Gov’t’s populist policies not improving living conditions – Minority

The Minority in Parliament says government’s economic policies are failing to improve the living conditions of Ghanaians following reports of 15% increase in transport fares. 

They point to an increasing cost of living since the New Patriotic Party (NPP) took over the reigns of government, citing the latest announcement of increases in transport fares which takes effect on Thursday.

On Monday, Parliament approved an amendment to the Energy Sector Levy Act to cut the Public Lighting Levy by two percent and National Electrification Scheme Levy by three percent.

This is expected to result in a three to five percent reduction in the price of petroleum products and electricity.

Last month, the House approved a reduction in the Value Added Tax (VAT) on petroleum products from 17.5 to 15 percent.

Deputy Minority Leader James Klutse Avedzi says the increase in transportation fares is an indication that government’s policies to bring relief to Ghanaians are not working.

Speaking on the floor of Parliament during the final debate on the 2017 budget, the Deputy Minority Leader said the tax cuts will endanger the country’s economy if they are not handled properly.

Finance Minister, Ken Ofori-Atta announced the abolishment of duty on spare parts and seven other tax cuts when he delivered the 2017 budget statement on March 2.

However, the Ketu North MP says, “If government says it is cutting taxes but the transport fares are going up, then it means it is not going to benefit the people. Ghanaians’ pockets are going to be dry because people need to pay more.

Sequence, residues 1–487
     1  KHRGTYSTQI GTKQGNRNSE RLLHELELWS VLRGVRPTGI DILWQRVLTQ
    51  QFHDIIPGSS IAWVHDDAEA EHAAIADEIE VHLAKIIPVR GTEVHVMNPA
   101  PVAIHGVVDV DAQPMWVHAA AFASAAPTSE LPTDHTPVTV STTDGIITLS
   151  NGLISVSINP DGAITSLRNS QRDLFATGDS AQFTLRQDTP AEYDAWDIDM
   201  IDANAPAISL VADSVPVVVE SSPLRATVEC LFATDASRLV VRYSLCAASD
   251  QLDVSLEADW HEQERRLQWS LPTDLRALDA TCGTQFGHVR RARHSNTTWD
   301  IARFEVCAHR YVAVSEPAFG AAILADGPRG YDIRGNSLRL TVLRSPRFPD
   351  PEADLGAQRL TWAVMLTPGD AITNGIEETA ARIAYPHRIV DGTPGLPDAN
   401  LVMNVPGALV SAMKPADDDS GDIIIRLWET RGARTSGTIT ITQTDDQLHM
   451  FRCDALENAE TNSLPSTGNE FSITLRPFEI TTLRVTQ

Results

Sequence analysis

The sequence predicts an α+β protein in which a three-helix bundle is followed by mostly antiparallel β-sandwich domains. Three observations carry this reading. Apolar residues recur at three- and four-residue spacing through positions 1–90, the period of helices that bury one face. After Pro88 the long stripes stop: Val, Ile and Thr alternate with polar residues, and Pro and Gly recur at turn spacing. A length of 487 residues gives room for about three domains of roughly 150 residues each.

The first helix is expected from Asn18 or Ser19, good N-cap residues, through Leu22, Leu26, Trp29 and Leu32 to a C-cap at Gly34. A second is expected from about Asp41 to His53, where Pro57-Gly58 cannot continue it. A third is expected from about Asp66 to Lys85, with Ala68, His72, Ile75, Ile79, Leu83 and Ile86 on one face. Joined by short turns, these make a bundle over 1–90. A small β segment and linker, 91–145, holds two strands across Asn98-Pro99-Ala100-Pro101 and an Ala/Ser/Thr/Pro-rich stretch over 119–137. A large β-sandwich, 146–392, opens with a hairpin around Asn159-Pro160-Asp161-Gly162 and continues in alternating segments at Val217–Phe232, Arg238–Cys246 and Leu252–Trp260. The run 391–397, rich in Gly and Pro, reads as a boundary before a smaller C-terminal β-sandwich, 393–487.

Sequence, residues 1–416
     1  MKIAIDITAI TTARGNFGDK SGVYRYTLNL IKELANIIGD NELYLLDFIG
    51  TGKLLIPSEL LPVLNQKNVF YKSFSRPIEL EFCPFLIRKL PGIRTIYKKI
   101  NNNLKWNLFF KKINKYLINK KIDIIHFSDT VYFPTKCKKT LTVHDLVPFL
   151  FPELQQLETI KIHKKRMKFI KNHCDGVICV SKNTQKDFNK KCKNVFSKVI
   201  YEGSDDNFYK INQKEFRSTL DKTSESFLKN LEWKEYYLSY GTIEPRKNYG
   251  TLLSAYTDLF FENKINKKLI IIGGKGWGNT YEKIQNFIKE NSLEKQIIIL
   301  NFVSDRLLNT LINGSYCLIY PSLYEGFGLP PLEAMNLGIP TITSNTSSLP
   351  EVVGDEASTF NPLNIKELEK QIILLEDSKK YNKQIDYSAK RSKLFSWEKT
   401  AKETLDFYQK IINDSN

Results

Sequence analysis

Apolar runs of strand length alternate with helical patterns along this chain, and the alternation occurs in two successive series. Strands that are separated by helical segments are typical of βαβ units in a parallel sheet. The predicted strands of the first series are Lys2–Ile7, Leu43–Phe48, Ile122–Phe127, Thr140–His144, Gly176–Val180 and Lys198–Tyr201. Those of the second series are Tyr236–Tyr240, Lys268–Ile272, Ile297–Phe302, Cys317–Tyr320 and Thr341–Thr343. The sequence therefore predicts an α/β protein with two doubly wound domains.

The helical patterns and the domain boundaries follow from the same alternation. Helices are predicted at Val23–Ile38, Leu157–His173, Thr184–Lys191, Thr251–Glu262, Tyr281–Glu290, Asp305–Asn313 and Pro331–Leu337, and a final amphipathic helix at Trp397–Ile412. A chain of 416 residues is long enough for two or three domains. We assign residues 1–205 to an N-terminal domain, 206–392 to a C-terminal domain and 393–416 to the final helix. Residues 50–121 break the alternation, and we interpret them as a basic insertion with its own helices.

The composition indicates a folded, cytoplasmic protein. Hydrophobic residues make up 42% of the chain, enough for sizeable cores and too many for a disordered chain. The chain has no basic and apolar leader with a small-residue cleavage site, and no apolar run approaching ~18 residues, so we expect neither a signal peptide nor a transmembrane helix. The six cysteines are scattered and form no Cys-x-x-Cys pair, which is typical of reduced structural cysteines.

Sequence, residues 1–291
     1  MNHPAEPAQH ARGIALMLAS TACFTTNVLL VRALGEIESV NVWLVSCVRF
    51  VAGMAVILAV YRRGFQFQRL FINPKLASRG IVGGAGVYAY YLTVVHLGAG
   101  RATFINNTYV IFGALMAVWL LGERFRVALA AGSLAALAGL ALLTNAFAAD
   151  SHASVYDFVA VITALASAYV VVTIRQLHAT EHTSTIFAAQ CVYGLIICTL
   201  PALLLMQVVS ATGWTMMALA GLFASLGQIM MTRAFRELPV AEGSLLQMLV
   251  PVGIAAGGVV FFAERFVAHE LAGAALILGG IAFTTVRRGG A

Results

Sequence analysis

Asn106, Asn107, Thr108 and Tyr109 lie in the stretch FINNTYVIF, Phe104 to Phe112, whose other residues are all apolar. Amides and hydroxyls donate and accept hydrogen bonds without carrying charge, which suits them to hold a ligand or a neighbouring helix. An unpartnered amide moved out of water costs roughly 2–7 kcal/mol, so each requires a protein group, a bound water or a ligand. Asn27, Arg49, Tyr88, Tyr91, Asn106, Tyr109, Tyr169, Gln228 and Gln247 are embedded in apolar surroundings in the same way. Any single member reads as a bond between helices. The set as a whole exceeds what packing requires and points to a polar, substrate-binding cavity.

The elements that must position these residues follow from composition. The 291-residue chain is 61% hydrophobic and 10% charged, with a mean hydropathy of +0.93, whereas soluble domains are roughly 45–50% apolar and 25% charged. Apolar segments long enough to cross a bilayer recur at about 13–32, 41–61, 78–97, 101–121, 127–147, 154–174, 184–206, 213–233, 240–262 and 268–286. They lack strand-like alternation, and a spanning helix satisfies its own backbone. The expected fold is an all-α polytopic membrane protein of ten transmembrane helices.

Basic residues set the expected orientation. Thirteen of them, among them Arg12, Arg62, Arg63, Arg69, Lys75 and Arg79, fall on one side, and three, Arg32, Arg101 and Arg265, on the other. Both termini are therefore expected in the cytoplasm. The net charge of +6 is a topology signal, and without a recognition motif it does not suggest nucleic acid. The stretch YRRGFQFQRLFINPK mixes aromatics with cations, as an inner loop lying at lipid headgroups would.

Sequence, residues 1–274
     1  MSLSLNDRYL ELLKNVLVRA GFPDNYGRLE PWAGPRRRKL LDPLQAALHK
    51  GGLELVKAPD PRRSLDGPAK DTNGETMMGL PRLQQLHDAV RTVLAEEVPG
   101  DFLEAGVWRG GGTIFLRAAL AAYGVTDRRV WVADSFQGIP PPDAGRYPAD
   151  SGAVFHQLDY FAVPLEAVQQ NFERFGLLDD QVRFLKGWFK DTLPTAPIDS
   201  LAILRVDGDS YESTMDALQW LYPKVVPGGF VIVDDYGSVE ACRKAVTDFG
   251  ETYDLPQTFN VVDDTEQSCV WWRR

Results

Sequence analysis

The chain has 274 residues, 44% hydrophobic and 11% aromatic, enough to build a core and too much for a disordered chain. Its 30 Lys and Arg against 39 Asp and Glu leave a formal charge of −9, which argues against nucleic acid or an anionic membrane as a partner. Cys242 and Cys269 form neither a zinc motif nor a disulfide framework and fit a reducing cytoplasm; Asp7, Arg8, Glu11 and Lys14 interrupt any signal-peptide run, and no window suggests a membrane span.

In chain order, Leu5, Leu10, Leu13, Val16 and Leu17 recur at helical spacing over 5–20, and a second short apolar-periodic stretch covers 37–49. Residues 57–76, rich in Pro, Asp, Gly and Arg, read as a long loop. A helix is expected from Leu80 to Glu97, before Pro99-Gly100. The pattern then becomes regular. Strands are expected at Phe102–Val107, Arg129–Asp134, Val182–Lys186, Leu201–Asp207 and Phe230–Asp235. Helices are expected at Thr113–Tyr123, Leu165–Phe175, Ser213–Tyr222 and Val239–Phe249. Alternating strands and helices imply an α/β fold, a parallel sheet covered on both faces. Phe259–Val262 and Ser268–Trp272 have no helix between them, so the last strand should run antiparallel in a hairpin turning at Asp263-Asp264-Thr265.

“Government says it is reducing the VAT on petroleum products, it should reflect in fuel prices and then the lorry fares, without that their policies are not making any impact,” he said.  

He questioned what the effects of government’s policies have been on the living conditions of the ordinary Ghanaian adding “NPP should stop this populist policies and strategies. If really you are thinking about the people of Ghana, let it reflect.”

According to Mr Avedzi, although government does not fix transport fares, it has to appeal to the Ghana Private Road Transport Union (GPRTU) and other transport companies to ensure that they don’t fix the fares at astronomical levels.

He said the GPRTU and the rest have attributed the increase in fares to an accumulation of an increase in prices of petroleum products and other factors.

The NDC MP admits that government is not directly responsible for the fixing of transport fares but maintained that the previous NDC government was blamed for similar increases and the NPP must take the blame, too.